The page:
At the conclusion of his encyclical Libertas praestantissimum, Leo XIII summarizes his teaching on liberalism: Broadly defined, liberalism is a denial, theoretical or practical, of God's authority:
To deny the existence of this authority in God, or to refuse to submit to it, means to act, not as a free man, but as one who treasonably abuses his liberty; and in such a disposition of mind the chief and deadly vice of liberalism essentially consists.

Quem quidem in Deo principatum aut esse negare, aut ferre nolle, non liberi hominis est, sed abutentis ad perduellionem libertate: proprieque ex animi tali affectione conflatur et efficitur Liberalismi capitale vitium.
LP, 36.

The forms of liberalism, and its sin, is manifold, "for in more ways and degrees than one can the will depart from the obedience which is due to God or to those who share in the divine power." LP, 36. It includes those who reject God wholesale, as well as those that reject only the role of "all laws of faith and morals which are above all natural reason, but are revealed by the authority of God." LP, 38. It also encompasses those who "impudently assert that there is no reason why regard should be paid to these [divinely revealed laws of faith and reason], at any rate publicly, by the State." LP, 38. Similarly, an advocacy of a clear separation of Church and State is mistaken "fatal principle" of political life. For Pope Leo XIII, it is "clear that the two powers, though dissimilar in functions and unequal in degree, ought nevertheless to live in concord, by harmony in their action and the faithful discharge of their respective duties."** LP, 38.

With respect to the liberals' coveted and overexapansive rights, Leo XIII summarizes his teaching thus:
From what has been said it follows that it is quite unlawful to demand, to defend, or to grant unconditional freedom of thought, of speech, or writing, or of worship, as if these were so many rights given by nature to man. For, if nature had really granted them, it would be lawful to refuse obedience to God, and there would be no restraint on human liberty.

Itaque ex dictis consequitur, nequaquam licere petere, defendere, largiri, cogitandi, scribendi, docendi, itemque promiscuam religionum libertatem, veluti iura totidem, quae hornini natura dederit. Nam si vere natura dedisset, imperium Dei detrectari insesset, nec ulla temperari lege libertas humana posset.
LP, 42.

Where necessary to the common good, such expansive notion of rights may be tolerated, but even so without conceding their validity or forgetting their essential immorality:
It likewise follows that freedom in these things may be tolerated wherever there is just cause, but only with such moderation as will prevent its degenerating into license and excess.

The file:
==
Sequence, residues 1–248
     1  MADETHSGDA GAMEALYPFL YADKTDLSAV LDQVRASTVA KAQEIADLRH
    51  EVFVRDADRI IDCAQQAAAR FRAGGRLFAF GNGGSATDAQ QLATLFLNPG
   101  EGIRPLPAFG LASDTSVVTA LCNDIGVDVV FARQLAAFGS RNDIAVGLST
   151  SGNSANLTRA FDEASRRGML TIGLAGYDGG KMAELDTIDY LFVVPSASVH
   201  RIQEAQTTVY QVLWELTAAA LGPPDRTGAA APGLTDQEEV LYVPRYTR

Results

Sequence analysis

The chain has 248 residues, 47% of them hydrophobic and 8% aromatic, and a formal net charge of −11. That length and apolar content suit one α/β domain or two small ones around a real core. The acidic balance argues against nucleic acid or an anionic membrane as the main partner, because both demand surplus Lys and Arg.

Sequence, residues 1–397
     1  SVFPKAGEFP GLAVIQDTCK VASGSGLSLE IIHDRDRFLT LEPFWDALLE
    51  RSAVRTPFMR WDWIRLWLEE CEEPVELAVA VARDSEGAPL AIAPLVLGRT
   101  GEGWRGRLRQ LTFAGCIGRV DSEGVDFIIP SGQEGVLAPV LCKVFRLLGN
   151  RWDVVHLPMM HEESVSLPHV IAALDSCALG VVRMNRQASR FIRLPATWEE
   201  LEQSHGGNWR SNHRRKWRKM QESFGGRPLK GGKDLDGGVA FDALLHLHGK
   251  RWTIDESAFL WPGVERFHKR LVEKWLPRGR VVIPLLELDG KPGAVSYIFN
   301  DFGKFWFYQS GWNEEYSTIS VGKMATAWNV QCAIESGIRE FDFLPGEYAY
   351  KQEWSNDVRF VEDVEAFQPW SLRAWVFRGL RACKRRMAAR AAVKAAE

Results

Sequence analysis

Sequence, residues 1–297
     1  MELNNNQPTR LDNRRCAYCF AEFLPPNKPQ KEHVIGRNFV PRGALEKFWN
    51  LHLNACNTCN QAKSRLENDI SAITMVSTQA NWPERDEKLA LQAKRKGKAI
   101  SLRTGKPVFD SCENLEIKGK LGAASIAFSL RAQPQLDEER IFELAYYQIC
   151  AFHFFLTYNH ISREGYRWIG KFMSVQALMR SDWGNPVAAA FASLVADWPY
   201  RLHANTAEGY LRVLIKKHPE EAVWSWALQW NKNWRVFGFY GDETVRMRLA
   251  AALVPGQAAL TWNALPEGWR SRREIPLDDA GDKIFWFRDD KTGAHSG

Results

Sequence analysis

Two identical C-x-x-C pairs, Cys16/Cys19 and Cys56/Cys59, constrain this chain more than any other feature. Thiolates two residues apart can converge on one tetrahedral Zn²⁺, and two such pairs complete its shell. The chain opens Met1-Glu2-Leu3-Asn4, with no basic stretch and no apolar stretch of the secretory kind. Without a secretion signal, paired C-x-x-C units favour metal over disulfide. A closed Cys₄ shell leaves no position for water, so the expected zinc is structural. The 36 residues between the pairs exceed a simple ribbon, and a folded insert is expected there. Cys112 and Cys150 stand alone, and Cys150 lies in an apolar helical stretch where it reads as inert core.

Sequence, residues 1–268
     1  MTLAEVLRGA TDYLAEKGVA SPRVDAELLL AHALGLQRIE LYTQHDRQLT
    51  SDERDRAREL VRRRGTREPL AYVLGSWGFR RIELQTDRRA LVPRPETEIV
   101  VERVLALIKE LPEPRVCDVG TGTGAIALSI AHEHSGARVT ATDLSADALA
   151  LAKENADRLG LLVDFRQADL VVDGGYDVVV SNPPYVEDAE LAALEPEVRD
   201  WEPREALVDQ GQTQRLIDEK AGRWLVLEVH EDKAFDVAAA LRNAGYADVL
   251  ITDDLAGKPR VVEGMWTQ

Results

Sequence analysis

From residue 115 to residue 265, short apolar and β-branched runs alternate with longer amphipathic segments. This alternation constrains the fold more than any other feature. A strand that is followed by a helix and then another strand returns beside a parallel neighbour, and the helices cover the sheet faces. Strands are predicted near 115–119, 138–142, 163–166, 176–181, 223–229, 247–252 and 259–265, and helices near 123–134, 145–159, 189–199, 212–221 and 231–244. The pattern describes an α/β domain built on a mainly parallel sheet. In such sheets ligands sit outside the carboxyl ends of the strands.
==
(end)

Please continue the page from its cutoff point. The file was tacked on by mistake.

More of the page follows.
Similiter consequitur, ista genera libertatis posse quidem, si iustae caussae sint, tolerari, definita tamen moderatione, ne in libidinem atque insolentiam degenerent.
LP, 42.

Finally, when living in a country where such expansive rights are tolerated,and error and evil are around to usher about untrammeled, the Christian has an affirmative duty:
And, where such liberties are in use, men should employ them in doing good, and should estimate them as the Church does; for liberty is to be regarded as legitimate in so far only as it affords greater facility for doing good, but no farther.

Ubi vero harum libertatum viget consuetude, eas ad facultatem recte faciendi civos transferant, quodque sentit de illis Ecclesia, idem ipsi sentiant. Omnis enim libertas legitima putanda, quatenus rerum honestarum maiorem facultatem afferat, praeterea nunquam.
LP, 42.

Finally, rejection of the errors of the liberals, which cannot be accepted since they violate the natural law and the divine law does not mean the Catholic has to reject democracy as a form of government. "[I]t is not of itself wrong to prefer a democratic form of government, if only the Catholic doctrine"--that is to say the teachings of the natural law and divine Revelation--"be maintained as to the origin and exercise of power." LB, 44. The rights of men and the rights of the Church have to be respected regardless of the form of government a people choose. Catholics are encouraged to participate in public affairs, to contribute to the common good, and to do all he can "for the defense, preservation, and prosperity of his country." LP, 45.